Medical student Katarina Kuikko clocks out from her last shift at her summer job. The goodbye will not be for long, as Katarina and Tamro part ways only temporarily: She will continue working at the warehouse alongside her studies. In the final part of the article series, Katarina shares her experiences on what impressed her the most in the pharmaceutical industry over the summer.
Katarina Kuikko, 23, worked as a summer employee at Tamro’s distribution centre and warehouse in Tampere, which ships pharmaceutical products all over Finland.
– For a medical student, the experience was interesting. I worked with different types of medications on a daily basis in a way that doctor’s don’t usually get to experience, Kuikko says.
She was particularly impressed by how well regulated the pharmaceutical sector is. Both the safety of personnel and the minutiae of collecting and distributing drugs is ensured at every step of the way.
– When I started out this summer, I signed dozens of documents related to safety and proper work procedures and underwent several training courses before I was even admitted inside the warehouse. Whatever their job description, everyone working at the warehouse must go over the same training and update their skills regularly
Katarina Kuikko learned a great deal over the summer, from industry jargon to different work methods at each station and the handling of drugs containing harmful substances. For example, she received special training on the handling of cytostatic drugs.
– These drugs must not be allowed to come into contact with the skin or eyes. Special care must also be taken when cleaning up damaged packaging. Cleaning supplies used for cytostatic drugs must be kept separate from other equipment. We received detailed instructions on how to handle such drugs in different situations.”
Knowledge of the pharma industry in support of a dream job
In addition to the precision demanded by the pharmaceutical industry, Kuikko was delighted to be able to follow the ways in which drugs are distributed smoothly to pharmacies and hospitals.
– When I started out this summer, I signed dozens of documents related to safety and proper work procedures and underwent several training courses before I was even admitted inside the warehouse. Whatever their job description, everyone working at the warehouse must go over the same training and update their skills regularly.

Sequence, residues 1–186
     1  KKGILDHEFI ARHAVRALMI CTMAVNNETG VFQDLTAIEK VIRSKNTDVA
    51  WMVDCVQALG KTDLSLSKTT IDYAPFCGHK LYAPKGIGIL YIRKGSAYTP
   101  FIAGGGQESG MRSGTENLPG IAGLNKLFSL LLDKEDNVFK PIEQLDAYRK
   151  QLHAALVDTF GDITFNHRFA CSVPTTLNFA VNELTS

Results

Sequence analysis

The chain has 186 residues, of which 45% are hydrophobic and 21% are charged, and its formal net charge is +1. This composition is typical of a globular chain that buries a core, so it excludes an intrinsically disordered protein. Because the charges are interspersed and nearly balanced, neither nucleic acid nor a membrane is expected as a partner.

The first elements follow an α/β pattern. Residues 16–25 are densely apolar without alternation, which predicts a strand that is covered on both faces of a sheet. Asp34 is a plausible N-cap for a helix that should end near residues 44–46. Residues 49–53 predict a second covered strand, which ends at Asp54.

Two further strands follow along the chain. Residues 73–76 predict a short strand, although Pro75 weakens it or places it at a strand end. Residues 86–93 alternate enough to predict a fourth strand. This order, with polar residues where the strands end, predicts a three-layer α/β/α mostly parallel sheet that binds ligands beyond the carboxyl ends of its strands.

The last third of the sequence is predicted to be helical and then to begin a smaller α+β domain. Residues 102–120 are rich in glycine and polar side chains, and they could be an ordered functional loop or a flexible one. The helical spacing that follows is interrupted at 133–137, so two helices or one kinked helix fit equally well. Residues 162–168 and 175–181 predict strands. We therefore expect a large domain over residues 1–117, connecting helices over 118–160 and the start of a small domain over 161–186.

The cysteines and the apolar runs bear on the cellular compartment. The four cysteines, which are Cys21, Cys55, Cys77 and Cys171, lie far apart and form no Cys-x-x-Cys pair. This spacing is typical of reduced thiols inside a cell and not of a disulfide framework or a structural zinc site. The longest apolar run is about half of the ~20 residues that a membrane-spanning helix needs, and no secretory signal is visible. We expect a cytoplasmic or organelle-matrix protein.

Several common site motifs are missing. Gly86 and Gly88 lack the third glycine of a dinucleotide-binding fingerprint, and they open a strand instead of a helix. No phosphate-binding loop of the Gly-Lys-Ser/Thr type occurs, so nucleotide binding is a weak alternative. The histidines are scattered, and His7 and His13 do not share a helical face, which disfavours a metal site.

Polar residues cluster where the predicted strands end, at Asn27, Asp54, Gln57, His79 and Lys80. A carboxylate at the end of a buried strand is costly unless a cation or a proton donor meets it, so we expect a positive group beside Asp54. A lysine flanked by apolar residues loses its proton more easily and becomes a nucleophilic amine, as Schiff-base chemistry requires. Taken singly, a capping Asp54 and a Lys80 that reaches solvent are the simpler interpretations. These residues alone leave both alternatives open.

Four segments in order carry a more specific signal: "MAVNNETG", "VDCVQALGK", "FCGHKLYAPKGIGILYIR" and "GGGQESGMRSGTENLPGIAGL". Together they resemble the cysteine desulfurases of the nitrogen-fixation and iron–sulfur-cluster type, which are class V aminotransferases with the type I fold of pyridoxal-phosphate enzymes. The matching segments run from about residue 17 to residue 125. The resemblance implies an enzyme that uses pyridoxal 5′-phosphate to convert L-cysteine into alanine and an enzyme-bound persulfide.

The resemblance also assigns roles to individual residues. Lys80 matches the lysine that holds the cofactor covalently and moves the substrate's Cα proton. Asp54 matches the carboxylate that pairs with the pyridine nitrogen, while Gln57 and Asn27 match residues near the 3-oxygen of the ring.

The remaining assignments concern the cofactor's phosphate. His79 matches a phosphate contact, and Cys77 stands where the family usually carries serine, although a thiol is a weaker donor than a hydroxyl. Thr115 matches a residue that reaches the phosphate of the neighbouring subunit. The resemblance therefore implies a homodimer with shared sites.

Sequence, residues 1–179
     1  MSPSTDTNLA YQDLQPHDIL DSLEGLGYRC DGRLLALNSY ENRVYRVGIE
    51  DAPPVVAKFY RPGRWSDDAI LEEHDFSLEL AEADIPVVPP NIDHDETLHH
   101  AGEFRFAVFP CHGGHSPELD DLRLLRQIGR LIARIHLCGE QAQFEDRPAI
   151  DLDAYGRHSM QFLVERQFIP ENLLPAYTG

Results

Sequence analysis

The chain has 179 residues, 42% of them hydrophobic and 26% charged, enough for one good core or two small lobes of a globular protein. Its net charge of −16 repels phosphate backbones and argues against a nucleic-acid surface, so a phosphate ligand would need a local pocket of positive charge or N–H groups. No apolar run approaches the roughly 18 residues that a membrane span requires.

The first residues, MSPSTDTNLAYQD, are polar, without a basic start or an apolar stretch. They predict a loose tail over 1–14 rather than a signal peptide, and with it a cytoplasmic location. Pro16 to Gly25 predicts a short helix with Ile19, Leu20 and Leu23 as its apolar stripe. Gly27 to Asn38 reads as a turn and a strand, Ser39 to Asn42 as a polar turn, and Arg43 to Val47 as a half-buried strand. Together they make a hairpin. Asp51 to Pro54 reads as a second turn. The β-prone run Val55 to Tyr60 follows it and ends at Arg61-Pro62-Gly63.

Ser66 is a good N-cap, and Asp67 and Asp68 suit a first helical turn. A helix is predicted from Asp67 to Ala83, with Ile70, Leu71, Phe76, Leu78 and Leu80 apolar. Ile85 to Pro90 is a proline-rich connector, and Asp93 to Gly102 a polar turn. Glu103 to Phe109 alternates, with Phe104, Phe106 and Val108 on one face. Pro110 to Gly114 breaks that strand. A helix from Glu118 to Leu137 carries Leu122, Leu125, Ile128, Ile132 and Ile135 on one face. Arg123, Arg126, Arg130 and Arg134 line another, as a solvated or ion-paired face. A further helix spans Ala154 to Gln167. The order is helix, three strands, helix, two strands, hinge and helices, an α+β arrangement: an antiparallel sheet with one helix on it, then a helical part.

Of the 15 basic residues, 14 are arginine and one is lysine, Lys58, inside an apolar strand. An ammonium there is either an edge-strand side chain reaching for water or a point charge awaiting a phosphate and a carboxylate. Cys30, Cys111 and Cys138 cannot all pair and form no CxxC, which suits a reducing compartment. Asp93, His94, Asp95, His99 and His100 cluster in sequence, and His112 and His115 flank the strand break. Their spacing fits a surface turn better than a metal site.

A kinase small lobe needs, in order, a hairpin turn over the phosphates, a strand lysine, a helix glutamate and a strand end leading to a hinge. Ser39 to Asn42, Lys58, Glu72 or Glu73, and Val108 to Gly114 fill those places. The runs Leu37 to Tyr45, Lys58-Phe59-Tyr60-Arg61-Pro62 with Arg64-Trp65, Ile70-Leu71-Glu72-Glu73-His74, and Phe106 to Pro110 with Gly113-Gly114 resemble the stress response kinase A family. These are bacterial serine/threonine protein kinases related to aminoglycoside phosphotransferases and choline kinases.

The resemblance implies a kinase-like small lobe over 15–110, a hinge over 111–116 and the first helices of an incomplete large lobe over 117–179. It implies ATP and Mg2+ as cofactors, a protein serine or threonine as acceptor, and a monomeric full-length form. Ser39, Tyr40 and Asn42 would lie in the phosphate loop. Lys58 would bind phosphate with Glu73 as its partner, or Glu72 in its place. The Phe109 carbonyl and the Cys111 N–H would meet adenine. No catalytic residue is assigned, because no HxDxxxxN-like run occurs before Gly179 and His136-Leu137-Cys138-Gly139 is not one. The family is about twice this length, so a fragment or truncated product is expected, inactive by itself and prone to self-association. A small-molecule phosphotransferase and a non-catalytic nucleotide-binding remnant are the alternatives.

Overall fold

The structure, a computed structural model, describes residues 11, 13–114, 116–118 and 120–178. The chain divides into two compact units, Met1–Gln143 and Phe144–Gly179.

– A large proportion of drugs are manufactured outside Finland, and their supply chains are long. At the warehouse, we are a part of this chain as the morning shift receives shipments of drugs and the evening shift, myself included, pick them for distribution. At the end of the day, the drugs are shipped to buyers.
According to Kuikko, many medical students are interested in working in the pharmaceutical sector because of their studies. Many of her fellow students have worked summer jobs at the other end of the supply chain in pharmacies, receiving orders of drugs filled by Kuikko.
After graduating, drugs will also an integral part of her work in the medical profession.
– I have always wanted to know how diseases affect the body and how humans function as a whole of many different factors. I am particularly interested in hands-on work with patients, but it is fascinating to learn how the pharmaceutical sector functions and supports the work of doctors.
Engaging work at the warehouse
Kuikko tells that her summer job left a positive impression thanks to the pleasant and inclusive atmosphere at work.
– Tamro wants to hear what employees have on their mind, both positive and negative. Ideas, feedback and development suggestions can be left on information boards and supervisors’ feedback boxes, anonymously or not. It was emphasised to us that our ideas are always welcome, Kuikko says.
At the end of the summer, when surveying employees' interest in continuing at Tamro, Kuikko signed up without hesitation.
– I’ll continue in the evening shift in the same tasks as in the summer. I can pick and choose shifts according to my schedule so I don’t tire myself out. Because of that, the job is handy alongside my studies.
As a second year student in medical school, her days are dedicated to lectures, independent study and group assignments. Kuikko is most excited about study excursions and clinical work as the best means to learn what a doctor’s work is in practice.
– In our first year of study, we took blood samples of each other and got to see a doctor’s appointment first-hand as early as our second week. In other words, medical school is much more than learning from a book. From the very beginning, we get to experiment and observe our future profession and work environment. It motivates me, Kuikko says.
– Thanks to my summer job, I have new perspective on the drugs I deal with in my studies. I now understand the logistics of pharmaceutical products in Finland, how much is needed each day, and how they are delivered to customers.